8 Best Professions for Veterans

Oct 21st, 2011

As tens of thousands of American troops return from Iraq by New Year’s, they are going to face the challenges that many veterans find themselves up against after serving abroad. Not only will they have to figure out how to fit back into their family lives and rediscover clothes that don’t involve camouflage, but many of them are also going to have to find relevant civilian jobs in a tough economy. President Barack Obama has started focusing on the importance of providing jobs for the selfless men and women who have served our country, announcing recently that he has lined up more than 250 companies that will hire 25,000 veterans and their spouses in the next two years. As veterans try to market themselves in the civilian world, they should capitalize on the marketable skills they’ve learned during their service and look for careers that use everything they have to offer. If you know (or are) a veteran trying to get back in the work force, these eight professions are a good starting place for a successful job hunt.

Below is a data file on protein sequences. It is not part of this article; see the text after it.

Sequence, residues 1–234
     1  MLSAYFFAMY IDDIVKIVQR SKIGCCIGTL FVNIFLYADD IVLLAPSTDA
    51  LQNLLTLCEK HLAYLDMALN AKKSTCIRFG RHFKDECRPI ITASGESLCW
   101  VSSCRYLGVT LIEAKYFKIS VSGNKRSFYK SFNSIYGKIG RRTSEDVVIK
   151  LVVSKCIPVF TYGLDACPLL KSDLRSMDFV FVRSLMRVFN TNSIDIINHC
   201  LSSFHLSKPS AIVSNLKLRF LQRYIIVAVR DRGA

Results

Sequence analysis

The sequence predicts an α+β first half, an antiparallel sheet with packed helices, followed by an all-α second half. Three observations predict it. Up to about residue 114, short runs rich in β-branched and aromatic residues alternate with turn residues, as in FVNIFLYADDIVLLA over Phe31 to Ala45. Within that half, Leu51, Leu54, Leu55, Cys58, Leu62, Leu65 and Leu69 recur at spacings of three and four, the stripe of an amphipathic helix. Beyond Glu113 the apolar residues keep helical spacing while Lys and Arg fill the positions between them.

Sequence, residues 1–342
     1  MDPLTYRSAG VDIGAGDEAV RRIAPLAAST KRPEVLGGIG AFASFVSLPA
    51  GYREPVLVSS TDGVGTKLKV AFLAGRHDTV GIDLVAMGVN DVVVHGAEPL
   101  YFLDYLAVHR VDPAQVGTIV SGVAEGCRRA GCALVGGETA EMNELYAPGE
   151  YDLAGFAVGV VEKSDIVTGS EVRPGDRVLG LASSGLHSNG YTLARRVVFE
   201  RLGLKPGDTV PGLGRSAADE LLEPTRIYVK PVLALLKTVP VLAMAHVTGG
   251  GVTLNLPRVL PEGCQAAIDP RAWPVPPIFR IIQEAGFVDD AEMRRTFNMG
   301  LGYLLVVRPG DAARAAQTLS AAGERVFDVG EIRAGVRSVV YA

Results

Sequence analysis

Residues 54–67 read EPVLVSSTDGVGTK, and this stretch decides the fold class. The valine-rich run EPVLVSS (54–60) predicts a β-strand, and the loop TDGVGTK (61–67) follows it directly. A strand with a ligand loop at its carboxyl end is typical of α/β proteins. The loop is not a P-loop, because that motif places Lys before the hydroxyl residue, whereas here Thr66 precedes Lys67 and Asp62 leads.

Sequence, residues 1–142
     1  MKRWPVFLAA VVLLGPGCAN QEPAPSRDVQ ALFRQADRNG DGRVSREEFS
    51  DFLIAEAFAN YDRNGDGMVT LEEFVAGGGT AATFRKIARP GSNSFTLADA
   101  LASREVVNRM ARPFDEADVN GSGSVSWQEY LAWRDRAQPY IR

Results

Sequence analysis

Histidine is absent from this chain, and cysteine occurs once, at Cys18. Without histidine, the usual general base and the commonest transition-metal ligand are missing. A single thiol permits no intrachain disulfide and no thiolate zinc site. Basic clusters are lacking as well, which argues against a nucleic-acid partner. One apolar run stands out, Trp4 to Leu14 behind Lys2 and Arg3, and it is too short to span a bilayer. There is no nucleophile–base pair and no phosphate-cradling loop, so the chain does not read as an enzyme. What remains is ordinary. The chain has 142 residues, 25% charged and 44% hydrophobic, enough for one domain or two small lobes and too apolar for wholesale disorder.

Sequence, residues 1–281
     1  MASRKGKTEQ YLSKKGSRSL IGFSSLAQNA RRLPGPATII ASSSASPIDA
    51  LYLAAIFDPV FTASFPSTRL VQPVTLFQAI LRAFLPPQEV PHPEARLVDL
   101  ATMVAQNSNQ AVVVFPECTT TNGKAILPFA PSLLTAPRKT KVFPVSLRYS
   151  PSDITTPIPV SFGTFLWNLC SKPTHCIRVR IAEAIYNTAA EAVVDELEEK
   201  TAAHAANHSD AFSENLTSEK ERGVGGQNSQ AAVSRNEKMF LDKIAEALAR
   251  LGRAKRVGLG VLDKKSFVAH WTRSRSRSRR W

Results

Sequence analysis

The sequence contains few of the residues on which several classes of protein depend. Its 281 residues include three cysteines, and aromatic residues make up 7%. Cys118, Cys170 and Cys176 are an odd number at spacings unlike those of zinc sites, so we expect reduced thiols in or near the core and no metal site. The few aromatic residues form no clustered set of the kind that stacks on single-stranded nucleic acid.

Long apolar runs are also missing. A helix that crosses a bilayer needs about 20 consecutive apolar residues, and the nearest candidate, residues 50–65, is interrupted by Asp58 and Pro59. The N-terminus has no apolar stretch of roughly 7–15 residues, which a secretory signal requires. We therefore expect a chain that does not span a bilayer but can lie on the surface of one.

1. Engineer

    If you’ve had any engineering training in the military or before joining, you might be able to land a job with a manufacturer in the defense industry. Several companies throughout the U.S. have defense contracts, like Lockheed Martin, Boeing, and General Dynamics, and make parts for weapons and military vehicles. Depending on your area of specialization and your level of education, you’re looking to make between $50,000 and $60,000 when you begin your career and can reach salaries in the six-figure range. The benefit of having military service in your background when applying for defense industry jobs is that potential employers already know that you’re responsible, have knowledge of the field, and won’t have any problems with security clearance.

  2. Contractor

    Any job that involves working under pressure is well suited for most veterans. Contractors and other construction managers use the skills taught by the military in their daily routines as they see a building project through from start to finish. They face tight deadlines, organize workers, and have to think on their feet when problems arise. Plus, there’s always the danger of falling through a roof or getting shot with a nail gun, which is nothing compared to the threats veterans have encountered. About half of all contractors work for themselves — great news for anyone who wants the freedom of choosing his own jobs and leading a team of people — and there are expected to be more positions available in the next few years than there are qualified candidates.

  3. Logistics coordinator